Despite the fact that “bitcoins” have been around for some time now, many people still don’t understand how they work. In essence, all bitcoin transactions happen online and, thus, transactions of this manner usually involve transfer of coins to and from electronic wallets. Given its nature, there has been lots of effort put into ensuring that the whole process is secure. For instance, every bitcoin transaction is “digitally” signed (an encryption method used to verify authenticity); and, in addition, the process has been made very transparent, meaning you can track a transaction’s history from start to finish. This article will explain how bitcoins work by focusing on a number of aspects such as what a transaction looks like.
There are no actual “coins” in bitcoin transactions; there are only “records” of the transactions made.
Before getting deeper into the bitcoin topic, it is important for one to know that bitcoins do not actually exist. Despite the fact that people will make statements about “so and so” having bitcoins, they are never physically there. In fact, bitcoin transactions involve only transaction records between two or more different addresses. There is no physical item that you can point out and claim that it is a bitcoin. The good thing about bitcoin transactions, as mentioned earlier, is that they are all kept in a very huge public ledger that is called the “block chain.” Information such as a bitcoin balance of a specific account can be obtained from the block chain.
What Does a Bitcoin Transaction Look Like?
Now that you have some knowledge about the existence of bitcoins, let’s focus on what a bitcoin transaction looks like. If an individual sends bitcoins to another individual, the transaction will have three pieces of information, as indicated below.
- Input: This is usually the address of the individual or company who sent the bitcoin transaction.
- Amount: The amount of bitcoins being sent.
- Output: This is usually the address of the individual or company who is receiving the bitcoins.
Before you are able to send bitcoins, you will need to have two things. The first thing is a “private key,” and the second thing is a “bitcoin address.” One thing to note here is that both the private key and the bitcoin address in bitcoin transactions are just a series of numbers and letters that are generated randomly. The difference between the bitcoin address and the private key is that the private key is kept secret. The bitcoin address can be viewed as a safe deposit box that has a glass front that allows everyone to see what’s inside. Despite the fact that anyone can see what’s inside, only someone with the corresponding private key has the ability to open it.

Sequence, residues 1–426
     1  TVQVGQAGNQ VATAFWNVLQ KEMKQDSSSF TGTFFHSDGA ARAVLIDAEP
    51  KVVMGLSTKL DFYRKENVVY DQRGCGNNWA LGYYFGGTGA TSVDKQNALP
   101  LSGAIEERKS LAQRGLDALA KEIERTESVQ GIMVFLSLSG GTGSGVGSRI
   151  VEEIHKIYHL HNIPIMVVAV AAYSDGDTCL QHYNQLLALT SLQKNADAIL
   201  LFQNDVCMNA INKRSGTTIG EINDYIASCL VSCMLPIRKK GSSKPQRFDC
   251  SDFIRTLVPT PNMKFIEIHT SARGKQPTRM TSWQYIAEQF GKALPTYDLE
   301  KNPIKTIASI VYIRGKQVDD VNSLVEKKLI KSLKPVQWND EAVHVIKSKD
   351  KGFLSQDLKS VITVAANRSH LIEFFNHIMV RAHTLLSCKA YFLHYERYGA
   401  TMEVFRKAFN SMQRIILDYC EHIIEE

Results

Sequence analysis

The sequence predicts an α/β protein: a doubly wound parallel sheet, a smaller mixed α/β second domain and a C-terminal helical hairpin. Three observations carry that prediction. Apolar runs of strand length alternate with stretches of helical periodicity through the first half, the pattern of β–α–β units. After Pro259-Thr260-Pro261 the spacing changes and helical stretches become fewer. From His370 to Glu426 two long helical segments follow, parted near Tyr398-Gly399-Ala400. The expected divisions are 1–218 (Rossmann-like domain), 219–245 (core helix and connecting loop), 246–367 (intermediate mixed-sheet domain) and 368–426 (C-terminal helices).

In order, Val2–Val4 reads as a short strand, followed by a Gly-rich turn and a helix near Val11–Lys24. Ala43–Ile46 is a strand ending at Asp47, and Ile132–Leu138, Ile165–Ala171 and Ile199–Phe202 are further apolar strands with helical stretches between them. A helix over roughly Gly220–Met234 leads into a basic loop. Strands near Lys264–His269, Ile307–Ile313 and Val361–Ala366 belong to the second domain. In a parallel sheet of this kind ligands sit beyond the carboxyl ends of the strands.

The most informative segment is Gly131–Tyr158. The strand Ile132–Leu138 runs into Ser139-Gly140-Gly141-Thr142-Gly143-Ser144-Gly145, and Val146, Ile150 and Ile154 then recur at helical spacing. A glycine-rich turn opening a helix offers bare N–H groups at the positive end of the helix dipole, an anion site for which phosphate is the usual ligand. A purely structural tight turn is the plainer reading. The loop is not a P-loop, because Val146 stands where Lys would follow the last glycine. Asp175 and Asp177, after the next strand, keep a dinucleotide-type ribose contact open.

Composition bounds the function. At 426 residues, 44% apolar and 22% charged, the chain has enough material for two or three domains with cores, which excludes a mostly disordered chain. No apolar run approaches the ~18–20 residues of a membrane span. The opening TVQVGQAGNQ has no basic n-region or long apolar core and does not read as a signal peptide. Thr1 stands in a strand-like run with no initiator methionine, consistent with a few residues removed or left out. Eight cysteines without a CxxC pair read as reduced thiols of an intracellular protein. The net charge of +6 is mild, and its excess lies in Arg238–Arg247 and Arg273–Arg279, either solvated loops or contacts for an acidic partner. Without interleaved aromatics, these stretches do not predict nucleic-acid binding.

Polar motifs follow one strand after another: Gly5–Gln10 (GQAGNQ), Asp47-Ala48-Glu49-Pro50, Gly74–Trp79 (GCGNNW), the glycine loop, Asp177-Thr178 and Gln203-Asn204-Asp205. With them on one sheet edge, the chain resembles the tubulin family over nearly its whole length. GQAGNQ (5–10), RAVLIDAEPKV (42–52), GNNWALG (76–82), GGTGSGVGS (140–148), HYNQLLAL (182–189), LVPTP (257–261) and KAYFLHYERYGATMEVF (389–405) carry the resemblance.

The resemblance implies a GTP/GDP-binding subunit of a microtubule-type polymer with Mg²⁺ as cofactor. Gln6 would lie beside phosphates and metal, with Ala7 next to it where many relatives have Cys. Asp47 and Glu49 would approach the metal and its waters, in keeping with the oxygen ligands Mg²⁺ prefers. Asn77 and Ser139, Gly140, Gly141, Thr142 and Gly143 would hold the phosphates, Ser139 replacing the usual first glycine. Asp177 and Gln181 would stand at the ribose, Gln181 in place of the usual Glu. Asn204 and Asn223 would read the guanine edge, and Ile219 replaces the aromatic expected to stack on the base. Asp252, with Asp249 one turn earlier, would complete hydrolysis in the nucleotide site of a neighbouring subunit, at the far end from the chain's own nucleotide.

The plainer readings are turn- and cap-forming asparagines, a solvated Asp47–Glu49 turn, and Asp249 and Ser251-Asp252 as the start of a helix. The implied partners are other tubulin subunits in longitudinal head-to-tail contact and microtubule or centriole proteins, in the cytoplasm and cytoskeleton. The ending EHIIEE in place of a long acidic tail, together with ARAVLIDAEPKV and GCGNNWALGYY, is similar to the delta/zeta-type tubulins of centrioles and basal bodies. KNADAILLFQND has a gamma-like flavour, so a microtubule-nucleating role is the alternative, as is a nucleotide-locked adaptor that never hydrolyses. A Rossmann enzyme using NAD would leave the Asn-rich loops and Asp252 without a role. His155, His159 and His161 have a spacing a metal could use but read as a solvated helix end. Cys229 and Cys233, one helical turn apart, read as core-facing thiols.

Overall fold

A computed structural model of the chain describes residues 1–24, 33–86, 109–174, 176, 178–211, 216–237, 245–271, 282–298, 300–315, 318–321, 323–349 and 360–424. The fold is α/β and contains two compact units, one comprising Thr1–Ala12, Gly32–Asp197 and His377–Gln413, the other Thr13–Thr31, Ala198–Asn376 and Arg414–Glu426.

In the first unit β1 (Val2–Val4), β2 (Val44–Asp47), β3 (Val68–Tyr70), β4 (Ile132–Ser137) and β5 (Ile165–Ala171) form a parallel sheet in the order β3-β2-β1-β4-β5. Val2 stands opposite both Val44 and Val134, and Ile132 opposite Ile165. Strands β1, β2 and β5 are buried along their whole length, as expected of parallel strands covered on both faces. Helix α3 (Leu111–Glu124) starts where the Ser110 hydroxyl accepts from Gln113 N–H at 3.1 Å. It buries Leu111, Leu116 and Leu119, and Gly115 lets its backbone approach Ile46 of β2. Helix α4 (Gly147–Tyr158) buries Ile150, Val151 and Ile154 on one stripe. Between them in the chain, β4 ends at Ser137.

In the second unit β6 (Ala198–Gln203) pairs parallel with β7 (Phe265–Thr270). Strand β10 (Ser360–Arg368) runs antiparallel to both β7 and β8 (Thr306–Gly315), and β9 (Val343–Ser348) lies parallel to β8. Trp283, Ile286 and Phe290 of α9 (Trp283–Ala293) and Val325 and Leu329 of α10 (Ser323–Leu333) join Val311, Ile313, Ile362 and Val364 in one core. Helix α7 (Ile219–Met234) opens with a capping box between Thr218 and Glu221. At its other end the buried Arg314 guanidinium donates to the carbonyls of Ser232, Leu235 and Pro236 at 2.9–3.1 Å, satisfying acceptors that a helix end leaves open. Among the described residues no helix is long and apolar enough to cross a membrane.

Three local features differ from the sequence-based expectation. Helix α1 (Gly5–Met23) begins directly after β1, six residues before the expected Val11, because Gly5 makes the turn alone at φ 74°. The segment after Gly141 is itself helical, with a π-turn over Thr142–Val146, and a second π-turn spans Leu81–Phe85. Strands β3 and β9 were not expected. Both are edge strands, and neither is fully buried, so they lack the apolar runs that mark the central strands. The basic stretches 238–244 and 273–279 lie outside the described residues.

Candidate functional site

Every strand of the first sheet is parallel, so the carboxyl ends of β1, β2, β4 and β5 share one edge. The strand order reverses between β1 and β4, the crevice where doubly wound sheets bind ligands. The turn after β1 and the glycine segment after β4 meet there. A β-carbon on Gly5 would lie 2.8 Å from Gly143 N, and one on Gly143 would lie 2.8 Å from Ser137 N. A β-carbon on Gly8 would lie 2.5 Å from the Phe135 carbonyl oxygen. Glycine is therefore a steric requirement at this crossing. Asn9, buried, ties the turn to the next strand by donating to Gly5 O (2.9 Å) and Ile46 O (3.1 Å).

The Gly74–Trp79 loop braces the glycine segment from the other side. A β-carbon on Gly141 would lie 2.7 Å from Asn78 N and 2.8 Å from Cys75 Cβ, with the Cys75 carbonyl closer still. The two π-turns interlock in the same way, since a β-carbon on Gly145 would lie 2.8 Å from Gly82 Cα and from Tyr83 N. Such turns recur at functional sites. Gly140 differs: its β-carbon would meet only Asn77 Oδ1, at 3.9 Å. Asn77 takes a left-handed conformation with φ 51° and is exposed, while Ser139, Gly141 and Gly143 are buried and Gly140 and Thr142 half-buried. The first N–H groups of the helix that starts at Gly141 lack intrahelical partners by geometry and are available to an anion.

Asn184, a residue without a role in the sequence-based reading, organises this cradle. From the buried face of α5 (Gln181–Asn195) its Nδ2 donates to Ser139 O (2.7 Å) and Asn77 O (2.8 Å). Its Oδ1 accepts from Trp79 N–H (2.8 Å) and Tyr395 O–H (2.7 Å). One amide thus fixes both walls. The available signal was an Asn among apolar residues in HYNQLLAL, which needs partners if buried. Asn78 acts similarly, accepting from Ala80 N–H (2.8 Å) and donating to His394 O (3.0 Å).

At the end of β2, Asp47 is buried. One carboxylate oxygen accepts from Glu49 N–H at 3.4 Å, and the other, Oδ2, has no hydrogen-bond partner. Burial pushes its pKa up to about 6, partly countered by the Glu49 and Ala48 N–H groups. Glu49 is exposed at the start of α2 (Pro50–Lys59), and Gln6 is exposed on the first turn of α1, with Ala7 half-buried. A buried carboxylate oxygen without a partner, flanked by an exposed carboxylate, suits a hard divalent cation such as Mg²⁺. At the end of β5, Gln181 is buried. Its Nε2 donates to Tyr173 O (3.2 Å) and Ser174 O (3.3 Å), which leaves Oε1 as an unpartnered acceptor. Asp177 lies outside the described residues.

If individuals want to send bitcoins to another person, they will have to use their private keys to initiate the whole process. In addition, they will have to indicate the amount of bitcoins that are to be transferred as well as where the bitcoins are going (the receiver’s address). Once all these steps have been completed, each transaction will be thrown into the wider “bitcoin network,” where the transaction will be verified by “bitcoin miners.”
It should be noted that in some cases, you might end up waiting for some time for the transaction to clear. Bitcoin miners cannot authorize a transaction before they check to make sure that all the proper procedures have been followed.
Are There Transaction Fees?
Many question if there will be transaction fees when dealing with bitcoins. The answer to this question is “Yes” and “No.” Some transactions will require fees, and some will not require fees. In most cases, there are no transaction fees involved. In the event that there are fees, the amount of the fee is usually calculated based on a number of factors. In some instances, you are allowed to set your own transaction fees manually. In other cases as now permitted, bitcoin miners usually process the transaction fees.